“This process has not been kept from the public. On October 23, 2007, the partners involved in ACTA at that time publicly announced that they had initiated preliminary discussions on ACTA. Several countries involved in ACTA have conducted public consultations on the key proposed elements of the ACTA.”

          One thing is clear: The temperature is finally rising for ACTA, and at least one Congressman now publicly sees it as a greater threat than SOPA. You can see the entire panel in the exclusive video above.
          What do you think? Is ACTA bigger, badder and more worrisome than SOPA and PIPA, or is Issa simply trying to steer votes to his own legislation?

        • Stop ACTA in Europe

          We’ve been hearing a lot lately about SOPA and PIPA in the United States. In the meantime, ACTA has been creeping along under the radar.

        • Polish Politicians Don Guy Fawkes/Anonymous Masks To Protest ACTA Signing

01.26.12

Links 26/1/2012: Btrfs in Oracle Linux, Linux Mint 13 Chatter, ODF Toolkit

Posted in News Roundup at 7:46 pm by Dr. Roy Schestowitz

GNOME bluefish

Contents

GNU/Linux

  • Server

    • Govt agencies fatten Linux, Unix server environments

      The Federal Government has revealed a 6.4 percent increase in the use of *nix servers among agencies that spend over $2 million a year on IT.

      The increase occurred exclusively in larger agencies between 2008-9 and 2009-10, according to an iTnews’ analysis of figures [xls] contained in a new benchmarking study [pdf].

      The study involved a mix of undisclosed large and medium-sized agencies.

      By the end of 2009-10, surveyed agencies were using a total of 3039 physical machines running *nix software, including Unix, Linux, Solaris, FreeBSD “and related platforms”.

      Large agencies deployed 996 new *nix servers between 2008-9 and 2009-10, while medium-sized agencies retired at least 45 *nix units over the same period.

  • Kernel Space

    • Linux turns 20

      In August 1991, a Finnish student announced on Usenet that he was developing a free operating system for Intel’s 386 processor. That same month, Tim Berners-Lee released the first code for what he called the World Wide Web, also on Usenet. Twenty years later and both projects have taken over the world: one very visibly – the Web – and one almost invisibly: Linux.

    • Linux vendors urgently patch a security flaw

      OPEN SOURCE Linux distributors are quickly patching a security flaw recently found in the Linux kernel.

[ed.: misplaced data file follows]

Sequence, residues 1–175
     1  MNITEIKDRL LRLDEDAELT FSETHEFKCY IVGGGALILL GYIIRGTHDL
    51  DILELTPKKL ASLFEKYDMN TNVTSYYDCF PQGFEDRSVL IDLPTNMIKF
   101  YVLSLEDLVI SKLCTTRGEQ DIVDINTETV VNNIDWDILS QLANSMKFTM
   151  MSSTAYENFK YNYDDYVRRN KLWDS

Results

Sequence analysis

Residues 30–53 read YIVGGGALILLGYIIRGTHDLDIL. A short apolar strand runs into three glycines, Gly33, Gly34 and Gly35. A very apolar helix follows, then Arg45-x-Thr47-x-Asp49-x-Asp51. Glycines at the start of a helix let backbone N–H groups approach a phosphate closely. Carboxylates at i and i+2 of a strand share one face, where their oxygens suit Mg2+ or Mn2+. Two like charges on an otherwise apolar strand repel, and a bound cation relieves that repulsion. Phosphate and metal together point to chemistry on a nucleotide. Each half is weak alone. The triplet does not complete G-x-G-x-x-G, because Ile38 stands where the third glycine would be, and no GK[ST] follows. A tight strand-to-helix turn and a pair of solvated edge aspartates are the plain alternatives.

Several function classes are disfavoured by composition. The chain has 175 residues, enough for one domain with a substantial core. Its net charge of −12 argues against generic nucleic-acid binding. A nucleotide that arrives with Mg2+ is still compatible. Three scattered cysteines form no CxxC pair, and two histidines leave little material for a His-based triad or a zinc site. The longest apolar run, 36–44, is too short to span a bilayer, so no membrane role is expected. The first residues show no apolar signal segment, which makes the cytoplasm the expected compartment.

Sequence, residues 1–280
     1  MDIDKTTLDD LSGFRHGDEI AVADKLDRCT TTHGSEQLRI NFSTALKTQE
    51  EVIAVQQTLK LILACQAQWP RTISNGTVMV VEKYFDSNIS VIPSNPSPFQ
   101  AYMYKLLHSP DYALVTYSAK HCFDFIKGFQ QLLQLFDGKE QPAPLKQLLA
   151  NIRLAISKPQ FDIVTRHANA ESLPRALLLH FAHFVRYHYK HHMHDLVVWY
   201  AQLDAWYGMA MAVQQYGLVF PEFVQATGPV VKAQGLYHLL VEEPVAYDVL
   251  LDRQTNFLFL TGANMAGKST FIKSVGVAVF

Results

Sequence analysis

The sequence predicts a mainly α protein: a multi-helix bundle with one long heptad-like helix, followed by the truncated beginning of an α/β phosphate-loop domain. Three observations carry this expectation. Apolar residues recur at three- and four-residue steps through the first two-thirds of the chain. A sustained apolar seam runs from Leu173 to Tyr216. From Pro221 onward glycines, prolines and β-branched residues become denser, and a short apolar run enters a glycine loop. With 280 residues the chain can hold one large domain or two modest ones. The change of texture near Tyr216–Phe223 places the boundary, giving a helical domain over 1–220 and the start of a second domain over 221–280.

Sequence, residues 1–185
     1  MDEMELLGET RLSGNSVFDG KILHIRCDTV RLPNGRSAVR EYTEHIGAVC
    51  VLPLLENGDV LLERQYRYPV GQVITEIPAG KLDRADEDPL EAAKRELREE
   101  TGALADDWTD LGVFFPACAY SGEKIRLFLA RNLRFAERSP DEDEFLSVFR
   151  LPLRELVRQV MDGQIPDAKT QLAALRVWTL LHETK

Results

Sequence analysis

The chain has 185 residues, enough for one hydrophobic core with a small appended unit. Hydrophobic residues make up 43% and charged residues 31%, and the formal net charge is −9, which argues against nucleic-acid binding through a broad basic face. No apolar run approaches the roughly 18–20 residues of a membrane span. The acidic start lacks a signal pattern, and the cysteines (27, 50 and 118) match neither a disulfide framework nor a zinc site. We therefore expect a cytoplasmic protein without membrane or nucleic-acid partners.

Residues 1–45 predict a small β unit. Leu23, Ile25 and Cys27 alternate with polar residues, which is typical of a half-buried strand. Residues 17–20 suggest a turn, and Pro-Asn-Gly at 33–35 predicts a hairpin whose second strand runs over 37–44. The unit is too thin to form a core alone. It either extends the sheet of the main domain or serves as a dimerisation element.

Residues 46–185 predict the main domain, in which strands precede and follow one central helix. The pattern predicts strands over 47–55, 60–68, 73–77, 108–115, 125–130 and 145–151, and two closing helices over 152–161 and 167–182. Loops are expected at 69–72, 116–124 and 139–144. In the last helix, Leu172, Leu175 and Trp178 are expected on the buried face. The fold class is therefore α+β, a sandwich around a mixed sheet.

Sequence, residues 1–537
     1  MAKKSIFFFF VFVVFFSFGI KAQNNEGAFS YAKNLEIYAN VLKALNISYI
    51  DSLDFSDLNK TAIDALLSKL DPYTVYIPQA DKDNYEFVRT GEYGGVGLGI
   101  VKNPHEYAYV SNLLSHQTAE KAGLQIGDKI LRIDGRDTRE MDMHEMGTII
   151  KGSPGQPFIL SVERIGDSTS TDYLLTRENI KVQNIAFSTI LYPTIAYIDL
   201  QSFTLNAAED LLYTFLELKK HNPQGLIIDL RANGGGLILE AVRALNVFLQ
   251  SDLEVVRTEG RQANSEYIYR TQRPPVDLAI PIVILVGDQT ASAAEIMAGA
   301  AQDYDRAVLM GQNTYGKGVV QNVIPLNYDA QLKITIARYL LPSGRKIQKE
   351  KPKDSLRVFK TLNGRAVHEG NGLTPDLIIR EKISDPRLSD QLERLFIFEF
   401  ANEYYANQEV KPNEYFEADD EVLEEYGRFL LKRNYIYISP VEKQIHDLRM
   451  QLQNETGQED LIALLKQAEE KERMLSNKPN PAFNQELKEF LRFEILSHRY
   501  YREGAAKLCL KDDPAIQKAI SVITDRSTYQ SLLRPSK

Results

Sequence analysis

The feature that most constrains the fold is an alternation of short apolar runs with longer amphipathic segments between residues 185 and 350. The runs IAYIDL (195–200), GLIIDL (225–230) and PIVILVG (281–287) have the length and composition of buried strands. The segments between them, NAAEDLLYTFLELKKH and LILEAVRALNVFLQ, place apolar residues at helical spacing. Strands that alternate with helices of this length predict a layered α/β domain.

• Btrfs To Go Production-Ready In Oracle Linux

      Btrfs, the quite promising next-generation Linux file-system that’s been in-development for years by Chris Mason and others, is about to take on a big role within Oracle’s Enterprise Linux distribution.

    • Linux Foundation: How to contribute to open source projects

      The Linux Foundation has published a paper titled “Upstreaming: Strengthening Open Source Development “. In the ten-page PDF document, the two authors explain, among other things, why it is in the best interest of everyone involved that in-house improvements to open source software be submitted back to the original authors of that software (upstream) for inclusion in the next version. The document, which can be accessed after registering, also touches on how best to go about this process.

    • Kernel Log: Coming in 3.3 (Part 1) – Networking

      Version 3.3 of the Linux kernel offers another way to team multiple Ethernet devices. Support for “Open vSwitch”, a virtual network switch that was specifically developed for virtualised environments, has also been added. Byte Queue Limits are designed to reduce the latencies that cause the much-discussed “buffer bloat”.

    • More Systemd Fun: The Blame Game And Stopping Services With Prejudice

      Systemd, Lennart Poettering’s new init system that is taking the Linux world by storm, is all full of little tricks and treats. Today we will play the slow-boot blame game, and learn to how stop services so completely the poor things will never ever run again.

    • Graphics Stack